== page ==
In order to instruct others in patriotism, you must direct them towards actions that are right and, by inverse implication, determine for them actions that are wrong. To do anything less would only be encouraging. If "love of country" is instructed/"instilled"/taught collectively rather than developed individually the result can be nationalism, or jingoism rather than patriotism, which can be either divisive or fascist. Therefore, within a reasonable construction of the resolution, teaching patriotism may lead to divisiveness or fascism.

My opponent argues that I should not be concerned over divisiveness where such concerns keep people from valuing patriotism. I have already shown how people are not kept from valuing patriotism even if they are not taught patriotism. They can still learn to appreciate patriotism by experience and application of reason. Therefore, my opponent is urging me to risk divisiveness and fascism where a better option exists. It is not a virtue to take the bad with the good when the good alone could be had. It is foolishness. Vote Con.

To briefly address some other points made by my opponent:

My opponent agrees with me that "[t]he idea of the Constitution is to define limits on what government is allowed to do, not to mandate what it must do." I am glad I have convinced him that he was wrong in stating "in the U.S., the Constitution, determine[s] the patriotic observances government institutions may present." Unless he was discussing limitations, in which case, why even bring the Constitution up, seeing as how the Constitution poses no limitations on patriotism? If he means limitations on governmental action that is akin to arguing that an atmosphere keeps me from flying to the moon. I can only fly in the first place because the existence of the atmosphere allows lift to take place. The government only has power to any extent because its powers are enumerated in the Constitution and allowed by the people. What nonsense is this that a thing may act without that which allows the action to exist?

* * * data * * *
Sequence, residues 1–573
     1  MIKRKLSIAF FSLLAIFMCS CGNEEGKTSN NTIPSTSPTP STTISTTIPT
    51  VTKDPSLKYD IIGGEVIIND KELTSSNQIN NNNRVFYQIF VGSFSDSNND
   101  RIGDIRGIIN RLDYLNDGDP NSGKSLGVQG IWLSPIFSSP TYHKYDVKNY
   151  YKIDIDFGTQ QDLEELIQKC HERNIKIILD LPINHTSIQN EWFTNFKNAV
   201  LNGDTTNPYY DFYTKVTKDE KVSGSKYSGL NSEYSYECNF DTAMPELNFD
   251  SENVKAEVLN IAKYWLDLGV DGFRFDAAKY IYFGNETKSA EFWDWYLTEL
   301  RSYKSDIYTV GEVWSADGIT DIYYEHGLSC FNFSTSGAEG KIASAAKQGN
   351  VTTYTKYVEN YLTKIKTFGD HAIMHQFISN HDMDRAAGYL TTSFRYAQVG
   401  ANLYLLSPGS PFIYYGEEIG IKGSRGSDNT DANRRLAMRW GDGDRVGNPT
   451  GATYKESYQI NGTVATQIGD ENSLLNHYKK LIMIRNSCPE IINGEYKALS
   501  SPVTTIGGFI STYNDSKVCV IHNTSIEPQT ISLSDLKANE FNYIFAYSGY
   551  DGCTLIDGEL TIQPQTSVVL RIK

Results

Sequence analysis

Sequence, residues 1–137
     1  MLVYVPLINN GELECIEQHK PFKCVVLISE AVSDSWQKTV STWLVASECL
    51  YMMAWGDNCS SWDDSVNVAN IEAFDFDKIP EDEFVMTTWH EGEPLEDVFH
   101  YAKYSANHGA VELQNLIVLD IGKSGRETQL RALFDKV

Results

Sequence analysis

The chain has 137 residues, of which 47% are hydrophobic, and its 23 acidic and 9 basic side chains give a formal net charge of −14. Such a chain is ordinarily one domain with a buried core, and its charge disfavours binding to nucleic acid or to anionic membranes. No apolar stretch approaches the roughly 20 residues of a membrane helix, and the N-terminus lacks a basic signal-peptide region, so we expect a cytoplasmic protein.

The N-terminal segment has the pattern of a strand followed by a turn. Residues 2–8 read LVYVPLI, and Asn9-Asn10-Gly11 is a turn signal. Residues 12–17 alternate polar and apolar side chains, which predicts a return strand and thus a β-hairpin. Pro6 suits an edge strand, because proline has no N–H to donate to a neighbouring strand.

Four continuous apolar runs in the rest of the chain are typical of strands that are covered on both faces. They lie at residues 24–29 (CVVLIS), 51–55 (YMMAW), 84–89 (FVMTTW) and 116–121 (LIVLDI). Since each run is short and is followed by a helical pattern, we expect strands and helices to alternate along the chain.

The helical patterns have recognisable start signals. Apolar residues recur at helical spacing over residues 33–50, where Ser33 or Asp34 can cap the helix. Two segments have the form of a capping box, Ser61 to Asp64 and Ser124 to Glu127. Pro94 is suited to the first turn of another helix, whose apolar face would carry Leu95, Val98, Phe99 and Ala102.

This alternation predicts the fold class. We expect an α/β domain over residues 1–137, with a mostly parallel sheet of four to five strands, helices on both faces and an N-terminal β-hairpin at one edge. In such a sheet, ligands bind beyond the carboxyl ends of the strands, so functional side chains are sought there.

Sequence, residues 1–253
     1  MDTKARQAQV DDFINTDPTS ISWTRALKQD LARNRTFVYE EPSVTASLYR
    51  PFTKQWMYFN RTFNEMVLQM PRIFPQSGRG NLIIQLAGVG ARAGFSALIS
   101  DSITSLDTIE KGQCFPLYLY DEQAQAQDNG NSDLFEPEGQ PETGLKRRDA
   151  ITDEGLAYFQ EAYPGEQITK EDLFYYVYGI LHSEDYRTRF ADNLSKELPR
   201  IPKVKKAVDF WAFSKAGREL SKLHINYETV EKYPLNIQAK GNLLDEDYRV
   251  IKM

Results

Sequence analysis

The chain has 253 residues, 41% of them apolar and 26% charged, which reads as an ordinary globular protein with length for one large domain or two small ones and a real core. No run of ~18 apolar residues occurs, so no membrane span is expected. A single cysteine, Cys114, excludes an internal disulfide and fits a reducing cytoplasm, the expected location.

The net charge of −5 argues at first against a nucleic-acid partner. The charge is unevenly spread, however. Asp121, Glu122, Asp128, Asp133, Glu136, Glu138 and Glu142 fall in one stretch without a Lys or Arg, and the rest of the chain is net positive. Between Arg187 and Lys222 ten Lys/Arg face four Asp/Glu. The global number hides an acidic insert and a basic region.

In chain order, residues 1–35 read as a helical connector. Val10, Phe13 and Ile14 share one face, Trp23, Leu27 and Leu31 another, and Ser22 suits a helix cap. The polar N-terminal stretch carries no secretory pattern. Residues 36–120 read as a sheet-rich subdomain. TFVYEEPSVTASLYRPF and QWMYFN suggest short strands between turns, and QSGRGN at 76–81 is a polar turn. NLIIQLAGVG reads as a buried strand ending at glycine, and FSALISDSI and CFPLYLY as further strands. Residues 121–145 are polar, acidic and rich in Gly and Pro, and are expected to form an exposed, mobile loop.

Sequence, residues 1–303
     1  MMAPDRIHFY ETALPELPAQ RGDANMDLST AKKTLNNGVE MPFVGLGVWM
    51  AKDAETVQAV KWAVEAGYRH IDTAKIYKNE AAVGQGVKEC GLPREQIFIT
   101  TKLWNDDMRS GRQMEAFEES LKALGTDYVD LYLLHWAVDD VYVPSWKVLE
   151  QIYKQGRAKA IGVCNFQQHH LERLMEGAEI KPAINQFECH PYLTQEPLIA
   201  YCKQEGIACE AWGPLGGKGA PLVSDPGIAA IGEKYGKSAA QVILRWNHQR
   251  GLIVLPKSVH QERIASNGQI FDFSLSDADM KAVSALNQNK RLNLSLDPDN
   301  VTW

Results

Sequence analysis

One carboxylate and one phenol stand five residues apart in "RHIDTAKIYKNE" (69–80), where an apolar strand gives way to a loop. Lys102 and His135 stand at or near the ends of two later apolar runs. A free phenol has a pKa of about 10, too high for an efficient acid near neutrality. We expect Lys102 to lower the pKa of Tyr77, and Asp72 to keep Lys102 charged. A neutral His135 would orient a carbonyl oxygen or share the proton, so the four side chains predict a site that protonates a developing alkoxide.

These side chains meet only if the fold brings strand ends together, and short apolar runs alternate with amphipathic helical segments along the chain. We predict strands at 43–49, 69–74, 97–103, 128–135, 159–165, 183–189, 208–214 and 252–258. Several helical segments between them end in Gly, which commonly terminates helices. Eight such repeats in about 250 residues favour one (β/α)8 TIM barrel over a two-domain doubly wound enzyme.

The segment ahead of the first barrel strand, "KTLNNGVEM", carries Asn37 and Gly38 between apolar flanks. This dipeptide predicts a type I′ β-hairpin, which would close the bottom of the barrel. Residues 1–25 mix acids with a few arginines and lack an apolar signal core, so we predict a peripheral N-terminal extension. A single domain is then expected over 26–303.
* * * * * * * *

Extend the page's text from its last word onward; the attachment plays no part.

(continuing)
My opponent argues that "[i]f Con's argument were correct then we ought not teach the Constitution, the Bill of Rights, the system of checks and balances, or even that democracy has advantages over monarchy." Because the first three items cited are tools of maintaining law and order in a democratic society, feel free to instruct them in the use of such tools by society. Similarly, I would readily instruct my nephew in how a hammer may be used to pound in a nail. I would do this because there is an obvious right way of a hammer hitting a nail, as there are obvious limitations on proper government action, by virtue of the instrument used in either case. As for the advantages of democracy over monarchy, you need merely show examples of what democracy provides relative to monarchy in a historical context. They'll get the picture. There is no need to instill in them democratic ideals.

I cited the Wikipedia article on Paine to illustrate how a patriot can believe that ideals exist outside of governance and give rise to its necessity, rather than to believe that ideals are allowed at the caprice of government, or promoted by it. I never said that Paine said that patriotism should not be taught. You've taken this entirely out of context.